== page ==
As is typically the case, there are issues that could impact global markets. An overly aggressive Fed rate policy, trade wars or slowing growth in China could crimp earnings, particularly within more cyclically sensitive industries. Against this backdrop, we believe individual stock selection will take on added importance. This includes not only identifying quality, secular growth companies that can withstand challenging conditions, but also entails avoiding companies with weak fundamentals that could be vulnerable if volatility increases.
Staying the course with sustainable growth companies
In our view, an appropriate investment strategy—especially in today’s market—is to focus on competitively advantaged companies with a history of sustainable growth backed by secular trends. We favor international companies with diversified business models and above-average earnings growth. These include demographic trends, such as a rapidly growing middle class in many developing countries, technological shifts, including the proliferation of online commerce and advertising, and business dynamics, such as outsourcing. Companies with these tailwinds at their back tend to be more resilient in challenging economic environments.
Actively diversify across the market capitalization spectrum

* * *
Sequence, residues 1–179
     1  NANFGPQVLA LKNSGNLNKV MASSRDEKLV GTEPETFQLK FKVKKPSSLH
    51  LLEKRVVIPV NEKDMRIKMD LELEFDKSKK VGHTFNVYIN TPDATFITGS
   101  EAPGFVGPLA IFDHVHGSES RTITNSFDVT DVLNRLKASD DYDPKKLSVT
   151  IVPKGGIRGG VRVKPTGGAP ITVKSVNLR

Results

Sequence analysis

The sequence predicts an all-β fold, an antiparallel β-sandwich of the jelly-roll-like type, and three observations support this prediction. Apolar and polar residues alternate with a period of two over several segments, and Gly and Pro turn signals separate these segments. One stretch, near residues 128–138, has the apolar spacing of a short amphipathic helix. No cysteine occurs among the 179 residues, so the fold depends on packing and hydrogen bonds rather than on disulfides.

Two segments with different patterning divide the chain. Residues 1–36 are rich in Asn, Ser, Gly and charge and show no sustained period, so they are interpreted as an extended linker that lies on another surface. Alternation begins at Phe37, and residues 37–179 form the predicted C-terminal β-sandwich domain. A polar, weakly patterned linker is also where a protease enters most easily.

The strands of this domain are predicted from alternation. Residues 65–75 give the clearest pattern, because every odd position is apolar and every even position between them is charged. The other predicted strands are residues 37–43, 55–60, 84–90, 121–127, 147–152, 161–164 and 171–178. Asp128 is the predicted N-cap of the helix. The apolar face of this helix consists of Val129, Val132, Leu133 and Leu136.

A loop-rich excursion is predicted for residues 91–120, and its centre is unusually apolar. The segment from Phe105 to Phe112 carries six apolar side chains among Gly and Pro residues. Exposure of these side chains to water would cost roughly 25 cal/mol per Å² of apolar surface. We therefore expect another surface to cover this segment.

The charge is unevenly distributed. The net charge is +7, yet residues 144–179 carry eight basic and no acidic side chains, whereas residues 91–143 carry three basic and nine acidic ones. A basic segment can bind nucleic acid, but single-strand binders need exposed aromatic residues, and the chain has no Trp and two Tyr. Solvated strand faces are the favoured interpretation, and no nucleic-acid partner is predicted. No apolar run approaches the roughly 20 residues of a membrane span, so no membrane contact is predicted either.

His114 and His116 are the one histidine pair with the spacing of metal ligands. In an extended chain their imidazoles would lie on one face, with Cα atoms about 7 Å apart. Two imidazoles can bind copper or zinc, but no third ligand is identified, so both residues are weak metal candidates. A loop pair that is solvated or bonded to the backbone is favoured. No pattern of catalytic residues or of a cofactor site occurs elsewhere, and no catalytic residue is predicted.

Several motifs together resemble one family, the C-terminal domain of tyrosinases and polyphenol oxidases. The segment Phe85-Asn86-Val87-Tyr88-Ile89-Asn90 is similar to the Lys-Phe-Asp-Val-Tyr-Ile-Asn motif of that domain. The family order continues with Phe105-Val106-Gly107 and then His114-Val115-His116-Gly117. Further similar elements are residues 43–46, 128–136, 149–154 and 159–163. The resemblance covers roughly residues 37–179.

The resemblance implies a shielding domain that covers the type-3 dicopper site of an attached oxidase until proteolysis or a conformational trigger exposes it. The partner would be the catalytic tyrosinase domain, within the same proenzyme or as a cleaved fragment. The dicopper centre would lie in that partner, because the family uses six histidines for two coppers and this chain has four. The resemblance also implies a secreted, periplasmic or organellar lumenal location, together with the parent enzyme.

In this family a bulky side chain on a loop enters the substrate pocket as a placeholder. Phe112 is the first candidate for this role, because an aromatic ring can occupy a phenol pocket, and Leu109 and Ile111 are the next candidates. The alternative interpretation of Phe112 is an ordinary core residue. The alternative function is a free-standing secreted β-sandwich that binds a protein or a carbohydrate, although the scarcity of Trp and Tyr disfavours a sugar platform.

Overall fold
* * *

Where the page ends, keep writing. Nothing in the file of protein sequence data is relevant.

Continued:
Investors can also exploit greater market inefficiencies by diversifying across international small- and mid-cap stocks which are often overlooked and underowned. Several smaller-sized companies derive a bulk of their revenues from domestic demand and as a result are less influenced by trade barriers and other macroeconomic headlines. Moreover, the number of sell-side research analysts covering smaller capitalization firms has been on the decline, thus providing a compelling opportunity to enhance risk-adjusted performance through disciplined stock selection.
Exhibit 4: Greater market inefficiency among small- and mid-caps
|Index||S&P 500||ACWI ex-U.S.||ACWI ex-U.S. Mid-Cap||ACWI ex-U.S. Small-Cap|
|Weighted Average Market Cap ($MM)||227,137||69,155||9,191||2,406|
|Average Number of Analysts Following Each Stock||26||19||13||7|
Source: MacKay Shields, as of 6/30/18. Past performance is no guarantee of future results. It is not possible to invest directly in an index. ACWI ex-US = MSCI ACWI ex USA Index; ACWI ex-US Mid Cap = MSCI ACWI ex USA Mid Cap Index; ACWI ex-US Small-Cap = MSCI ACWI ex USA Small Cap Index.
1. Source: U.S. Department of Commerce